To most people I imagine the ingredient listing on their bottle of shampoo or hand lotion might as well be written in a foreign language. But if you know the key you can work out not only what chemicals are in them but have a pretty good idea of their origin as well. Take for instance sorbitan palmitate. This made by reacting sorbitol and palmitic acid. Sorbitol is a sugar that is found in trees and bushes of the rowan family. Palmitic acid is found in lots of vegetable oils. One important source is palm oil, which is where it gets the name from, but you can just as easily get it from rapeseed oil or olive oil or a great many other oils. If you put your mind to it you could make it from mineral oil with a few more stages.
There is a whole family of cosmetic raw materials that can be made by reacting similar materials all with slightly different uses. Palm oil is a very good starting point for a lot of the things you see on ingredient lists. Palmitate is a dead give away – but you can also get stearates and laurates among others from palm oil. On the other hand you can get palmitate from other sources than palm oil. So although you can have a pretty good guess what your product was originally made from you can’t be sure unless you actually trace back the ingredients all the way to the original farm.
All of this is interesting enough, but in recent years it has become a matter of some controversy. Palm oil can be used to make all sorts of things, mainly foods but also is a very good biofuel. The growing interest in biofuels combined with the general economic boom has increased the demand for palm oil. The area given over to palm oil plantations in South East Asia has increased at the expense of tropical rainforests. This is unfortunate for a lot of reasons, but it is particuarly hard on the Orang Utan’s who live there and find their habitat destroyed. Not surprisingly pressure has grown to come up with a way of protecting the rain forest.
It is possible to grow palm oil in a sustainable way that doesn’t encroach on primal jungles. The problem comes if you want to give people proof that they aren’t buying palm oil that is grown on virgin rain forest. The problem is that palm oil is a huge huge industry with around 30 million tonnes being produced every year and used in a huge range of applications. Most of the users have not the slightest interest in the original source of the oil and it passes through many hands and many manufacturing processes before ending up in the bottle on your bathroom shelf.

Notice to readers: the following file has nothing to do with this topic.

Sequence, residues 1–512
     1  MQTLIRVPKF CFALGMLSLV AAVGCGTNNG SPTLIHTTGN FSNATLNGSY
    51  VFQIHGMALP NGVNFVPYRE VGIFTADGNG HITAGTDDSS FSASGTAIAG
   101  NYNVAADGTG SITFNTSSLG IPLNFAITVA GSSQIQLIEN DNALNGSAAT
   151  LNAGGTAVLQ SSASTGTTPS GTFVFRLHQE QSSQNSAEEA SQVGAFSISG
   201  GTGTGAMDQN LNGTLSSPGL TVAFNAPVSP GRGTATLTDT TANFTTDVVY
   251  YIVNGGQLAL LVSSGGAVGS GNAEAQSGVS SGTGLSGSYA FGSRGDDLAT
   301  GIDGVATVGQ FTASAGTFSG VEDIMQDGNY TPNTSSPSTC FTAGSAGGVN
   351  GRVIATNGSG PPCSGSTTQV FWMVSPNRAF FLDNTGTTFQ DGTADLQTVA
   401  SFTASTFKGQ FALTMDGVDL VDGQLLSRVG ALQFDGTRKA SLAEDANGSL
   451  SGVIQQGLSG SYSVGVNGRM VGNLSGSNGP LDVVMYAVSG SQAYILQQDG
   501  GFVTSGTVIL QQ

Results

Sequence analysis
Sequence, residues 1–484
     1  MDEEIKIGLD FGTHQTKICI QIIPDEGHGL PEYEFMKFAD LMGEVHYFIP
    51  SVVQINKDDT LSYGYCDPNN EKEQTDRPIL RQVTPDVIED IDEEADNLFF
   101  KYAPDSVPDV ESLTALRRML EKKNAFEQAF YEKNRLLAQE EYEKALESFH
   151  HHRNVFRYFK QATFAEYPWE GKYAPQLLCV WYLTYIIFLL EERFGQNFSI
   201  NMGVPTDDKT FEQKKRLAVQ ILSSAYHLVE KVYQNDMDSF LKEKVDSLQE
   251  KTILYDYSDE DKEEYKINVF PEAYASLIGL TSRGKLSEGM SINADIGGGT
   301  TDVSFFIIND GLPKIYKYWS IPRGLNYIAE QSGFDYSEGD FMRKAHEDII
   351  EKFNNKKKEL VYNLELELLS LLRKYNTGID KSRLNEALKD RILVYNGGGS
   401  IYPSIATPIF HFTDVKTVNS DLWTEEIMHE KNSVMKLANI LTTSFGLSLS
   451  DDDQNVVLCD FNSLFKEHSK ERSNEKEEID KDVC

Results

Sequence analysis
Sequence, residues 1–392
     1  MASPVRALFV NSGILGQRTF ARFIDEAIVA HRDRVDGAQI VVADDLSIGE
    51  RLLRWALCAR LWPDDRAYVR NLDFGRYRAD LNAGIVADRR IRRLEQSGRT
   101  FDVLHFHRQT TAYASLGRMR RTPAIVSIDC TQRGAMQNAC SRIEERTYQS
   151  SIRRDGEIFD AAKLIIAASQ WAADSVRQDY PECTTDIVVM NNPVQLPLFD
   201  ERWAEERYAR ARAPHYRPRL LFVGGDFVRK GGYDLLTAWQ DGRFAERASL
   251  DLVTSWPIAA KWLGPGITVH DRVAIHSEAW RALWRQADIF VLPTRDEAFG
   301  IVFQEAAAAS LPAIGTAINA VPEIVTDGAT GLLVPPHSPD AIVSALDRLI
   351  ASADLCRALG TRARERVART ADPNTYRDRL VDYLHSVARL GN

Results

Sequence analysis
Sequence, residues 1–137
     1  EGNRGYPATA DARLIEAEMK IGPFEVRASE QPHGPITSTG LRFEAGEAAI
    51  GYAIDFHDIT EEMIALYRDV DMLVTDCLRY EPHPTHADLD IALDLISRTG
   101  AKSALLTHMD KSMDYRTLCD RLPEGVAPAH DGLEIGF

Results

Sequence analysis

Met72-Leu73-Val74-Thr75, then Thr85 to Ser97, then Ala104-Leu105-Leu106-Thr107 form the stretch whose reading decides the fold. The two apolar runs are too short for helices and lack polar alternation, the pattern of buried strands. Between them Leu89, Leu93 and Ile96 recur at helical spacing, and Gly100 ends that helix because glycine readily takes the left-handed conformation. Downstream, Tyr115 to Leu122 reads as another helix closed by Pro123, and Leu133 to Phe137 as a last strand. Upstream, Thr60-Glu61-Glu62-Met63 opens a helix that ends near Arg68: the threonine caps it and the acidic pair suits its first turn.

It seems like an impossible task to make sure that any given product only uses ethical palm oil. And indeed it is. But someone has come up with an idea. The greenpalm website allows you to trade in certificates for ethical palm oil. The idea is you sit down and work out how much palm oil has gone into say a bottle of shampoo. You then go onto the website and buy a certificate to cover that much palm oil. The company behind the website makes sure that the certificates are only issued to plantations that have produced ethical sustainable palm oil. This ethically source palm oil will have gone into the general palm oil market and could have been used for biofuel, lubrication, ice-cream manufacture or whatever. But you have your certificate to show that an equivalent amount of palm oil has been produced ethically to that which you have used. You can therefore say that for all intents and purposes your impact on the rain forest is the same as if you had used the ethical stuff yourself.
It is very much the same idea as planting a tree to offset the carbon dioxide generated when you cross the Atlantic. There are companies that will sort that out for you at a fee as well.
I really don’t know what to make of this idea. On one hand I can see how in theory it means that more ethically produced palm oil will be produced than might be the case if the scheme didn’t exist. On the other hand it just seems weird, and somehow wrong. I am a big fan of biodiversity as a scientist and if I thought it was going to work I think I would have to support it. I like Orang Utans too and would hate to see them go extinct in the wild. But it still seems that we are handing over cheques directly to people who are completely reckless in their approach to palm oil production. I can’t help thinking that starting a fund to buy up tropical rainforest to stop it falling into the hands of the palm oil farmers is going to be a lot more straightforward and effective way to protect our primate relatives.
Thanks to cornstaruk on Flickr for his picture of a baby orang utan.